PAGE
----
Who Stole the Cookie?

Books to Share

Crictor by Tomi Ungerer
The Judge by Harve and Margot Zemach
Missing Mittens by Stuart Murphy
The True Story of the Three Little Pigs by Jon Scieszka
Who Took the Cookies from the Cookie Jar? by Bonnie Lass

Books to Show or Booktalk

A Day in Court with Mrs. Trinh by Alice K. Flanagan
Mystery at the Club Sandwich by Doug Cushman
Richard Scarry's The Great Pie Robbery and Other Mysteries by Richard Scarry
Who Stole Mona Lisa? by Ruthie Knapp
Who Stole the Cookie from the Cookie Jar? by Margaret Wang and Christine Schneider
Young Cam Jansen and the Missing Cookie by David Adler

Bulletin Board

Cookie Jar

Enlarge the pattern provided here and make one large cookie jar and several small jars. Color the pieces. Fill the large cookie jar with book jackets, spilling out onto the bulletin board. Add additional smaller cookie jars around with dates for programs or other information you want to share. Alternately, cut out small cookie patterns and let the children write their names or the names of their favorite books on the cookies. Add to the bulletin board.

A graphic of an outline of a cookie jar pattern ot cut out and put on a bulletin board


Crictor's Medal

Use a die cut machine to make circles from gold or dark yellow paper. On one side note that this is a medal for bravery and on the other side write the name of the child who is attending storytime. Hole-punch and tie a piece of ribbon.


If the library has a display case, ask a patron who collects cookie jars to display them. Alternately, borrow cookie jars from a cooking store or gift shop.


Provide fresh or pre-packaged cookies so that no one has to steal the cookies from the cookie jar. To really keep in the spirit of the theme, serve thumbprint cookies.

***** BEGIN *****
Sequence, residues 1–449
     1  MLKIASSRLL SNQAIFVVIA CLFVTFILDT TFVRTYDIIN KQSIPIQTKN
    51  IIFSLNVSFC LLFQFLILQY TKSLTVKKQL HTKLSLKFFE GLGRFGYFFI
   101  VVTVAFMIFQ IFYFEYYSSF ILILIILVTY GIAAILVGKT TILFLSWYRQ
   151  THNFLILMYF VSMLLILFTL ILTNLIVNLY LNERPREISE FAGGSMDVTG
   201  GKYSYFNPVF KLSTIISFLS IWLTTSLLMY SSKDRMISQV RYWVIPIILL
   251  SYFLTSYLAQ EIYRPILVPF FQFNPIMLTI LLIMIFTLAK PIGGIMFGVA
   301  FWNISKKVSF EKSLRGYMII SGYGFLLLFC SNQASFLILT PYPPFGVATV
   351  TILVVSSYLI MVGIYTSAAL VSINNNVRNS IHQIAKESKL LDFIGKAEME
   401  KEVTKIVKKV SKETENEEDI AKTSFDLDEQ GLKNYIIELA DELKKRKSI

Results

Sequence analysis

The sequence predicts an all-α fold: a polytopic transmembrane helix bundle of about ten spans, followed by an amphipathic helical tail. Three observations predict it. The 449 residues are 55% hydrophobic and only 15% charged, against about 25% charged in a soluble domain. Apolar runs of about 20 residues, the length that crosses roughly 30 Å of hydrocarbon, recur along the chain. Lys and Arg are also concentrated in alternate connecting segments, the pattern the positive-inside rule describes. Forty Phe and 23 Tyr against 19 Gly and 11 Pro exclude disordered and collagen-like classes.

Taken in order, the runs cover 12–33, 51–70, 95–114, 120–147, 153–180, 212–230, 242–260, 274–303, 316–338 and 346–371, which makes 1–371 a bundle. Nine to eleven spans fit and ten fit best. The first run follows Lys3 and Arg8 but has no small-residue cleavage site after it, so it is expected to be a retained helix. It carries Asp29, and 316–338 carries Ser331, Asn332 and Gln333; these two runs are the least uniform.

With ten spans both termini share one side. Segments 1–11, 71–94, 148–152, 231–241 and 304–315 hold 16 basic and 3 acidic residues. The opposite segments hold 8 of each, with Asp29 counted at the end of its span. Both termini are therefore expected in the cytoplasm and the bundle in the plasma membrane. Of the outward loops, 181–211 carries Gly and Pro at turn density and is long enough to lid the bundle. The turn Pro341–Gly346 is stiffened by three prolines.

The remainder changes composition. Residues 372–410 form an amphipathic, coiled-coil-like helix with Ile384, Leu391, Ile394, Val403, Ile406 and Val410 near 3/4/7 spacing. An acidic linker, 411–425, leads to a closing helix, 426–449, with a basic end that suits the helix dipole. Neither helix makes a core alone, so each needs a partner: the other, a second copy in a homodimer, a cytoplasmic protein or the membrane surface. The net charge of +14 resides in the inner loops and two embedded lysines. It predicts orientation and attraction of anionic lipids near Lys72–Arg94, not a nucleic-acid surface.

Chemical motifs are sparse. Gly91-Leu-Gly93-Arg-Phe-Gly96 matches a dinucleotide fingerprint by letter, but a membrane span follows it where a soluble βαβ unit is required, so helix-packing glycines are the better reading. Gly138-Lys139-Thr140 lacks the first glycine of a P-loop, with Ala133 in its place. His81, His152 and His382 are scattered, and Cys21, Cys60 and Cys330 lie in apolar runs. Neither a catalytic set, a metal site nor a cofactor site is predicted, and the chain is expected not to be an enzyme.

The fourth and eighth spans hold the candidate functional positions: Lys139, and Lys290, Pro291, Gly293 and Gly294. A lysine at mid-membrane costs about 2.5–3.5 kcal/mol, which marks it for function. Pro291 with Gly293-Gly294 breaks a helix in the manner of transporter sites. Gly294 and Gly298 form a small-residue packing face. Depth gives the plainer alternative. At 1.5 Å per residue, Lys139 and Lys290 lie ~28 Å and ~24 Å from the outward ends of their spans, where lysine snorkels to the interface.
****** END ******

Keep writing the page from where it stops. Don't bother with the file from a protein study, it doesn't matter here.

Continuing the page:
Gingerbread Cookie Stickers

Oriental Trading Company sells gingerbread cookie stickers. Give one to each child who attends the library program.


The Police Officer (Traditional)

This is a car driving down the street   (make your right fist travel down your extended left arm)

Here's a police officer walking the beat   (have yourright index and middle fingers walk down your left arm)

Now he is checking the stores at night   (look around)
To see that the stores are locked up tight   (hold your right thumb and index finger like you are holding a key and pretend to turn the key in keyhole formed by making a circle with the thumb and index finger on your left hand)

And this is the friendly traffic cop,   (hold up yourleft hand in fist with your index finger pointing straight up)

Who tells the cars when to "Go" and "Stop!"   (when you say "go" use your index finger to beckon and when you say "stop" hold your hand out in front of your body)

When cars get in a traffic jam  (touch two fists together)
He helps them better than anyone can.   (put hands on hips)


Mama Don't Allow (Traditional)

Mama don’t allow no music played around here.
Mama don’t allow no music played around here.
Well, we don’t care what Mama don’t allow,
Gonna play that music anyhow.
Mamma don’t allow no music played around here.

(Add additional verses substituting other instruments for the word "music." Examples include banjo, guitar, fiddle, or harmonica.)

Action Rhymes

Who Stole the Cookie From the Cookie Jar? (Traditional.  Continue the rhyme until at least seven or eight names have been called or the children are tired.)